Suicides Due to Handguns

The location of the self-inflicted wound varies depending on the type of the weapon, the sex of the victim, and whether the victim is right- or left-handed. In individuals who shoot themselves with handguns, the most common sites for the entrance wound are the head (81%), the chest (17%), and the abdomen (2%), in that order (Table 14.1). There is some difference by sex (Table 14.1) in that a smaller percentage of women (72%) shoot themselves in the head than do men (83.5%).

Table 14.1 Sites of Suicidal Handgun Wounds




Combined Total










376 (81%)






80 (17%)






8 ( 2%)






464 (100%)

When individuals shoot themselves, they do not necessarily hold the weapon the same way they would if they were firing the weapon at a target. Commonly, they will hold a handgun with the fingers wrapped around the back of the butt, using the thumb to depress the trigger, firing the weapon (Figure 14.2). In gunshot wounds under the chin, they may hold the weapon "correctly", but bend their forearm upwards and backwards such that the gun is upside down when they fire it (Figure 14.3).

Some individuals will steady a gun against the body, by grasping the barrel with the non-firing hand (Figure 14.2). In the case of contact wounds of the head, and less commonly the trunk, soot may be deposited on the thumb, index finger, and connecting web of skin of the steadying hand due to blowback of gases from the muzzle (Figure 14.4A). In the case of a revolver, soot may be deposited on the palm from cylinder gap (Figure 14.4B). The location of the soot on the palm is influenced by the barrel length and where the gun is held. With two-inch barrel weapons, the soot is in the midpalm; with four-inch barrels, toward the ulnar aspect of the palm. In rare instances, the blast of gases from the cylinder gap is so strong as to lacerate the skin of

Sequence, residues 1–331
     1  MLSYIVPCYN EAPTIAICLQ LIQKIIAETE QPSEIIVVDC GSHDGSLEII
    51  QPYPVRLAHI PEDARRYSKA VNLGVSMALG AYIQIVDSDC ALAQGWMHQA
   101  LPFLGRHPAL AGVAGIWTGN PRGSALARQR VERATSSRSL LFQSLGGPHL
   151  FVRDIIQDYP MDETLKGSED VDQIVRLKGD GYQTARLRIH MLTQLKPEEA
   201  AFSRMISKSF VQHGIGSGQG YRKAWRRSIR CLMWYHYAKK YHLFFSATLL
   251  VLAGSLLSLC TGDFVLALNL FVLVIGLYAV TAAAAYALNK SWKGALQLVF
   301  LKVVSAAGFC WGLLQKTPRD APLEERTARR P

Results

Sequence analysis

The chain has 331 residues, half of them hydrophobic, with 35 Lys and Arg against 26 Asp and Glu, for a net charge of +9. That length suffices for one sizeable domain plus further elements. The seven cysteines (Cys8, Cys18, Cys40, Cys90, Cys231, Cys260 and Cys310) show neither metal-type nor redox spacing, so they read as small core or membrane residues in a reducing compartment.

Figure 14.2 Note deceased's left hand around barrel of gun and use of thumb to fire weapon.
Figure 14.3 Contact wound under chin from pistol held inverted at time of firing. Upside-down muzzle imprint. Front-sight at 6 o'clock.

the palm (Figure 14.5). In two cases seen by the author, the individual committing suicide wore a glove on the hand used to grasp the cylinder, apparently so as not to burn their hand. Even if there is no visible powder or soot deposition on the hand, analysis for primer residues is often positive.

Occasionally, an individual steadying the barrel with their non-firing hand, inadvertently places part of the hand over the muzzle. This has lead to individuals shooting themself through the hand. In one case, the muzzle was held tightly against the palm of the hand, which was against the forehead. On discharge, the emerging hot gases, soot and powder perforated the palm

Figure 14.4 (A) Soot deposited on radial aspect and edge of palm of hand; (B) soot deposited on ulnar aspect of palm of hand.
0 0

Post a comment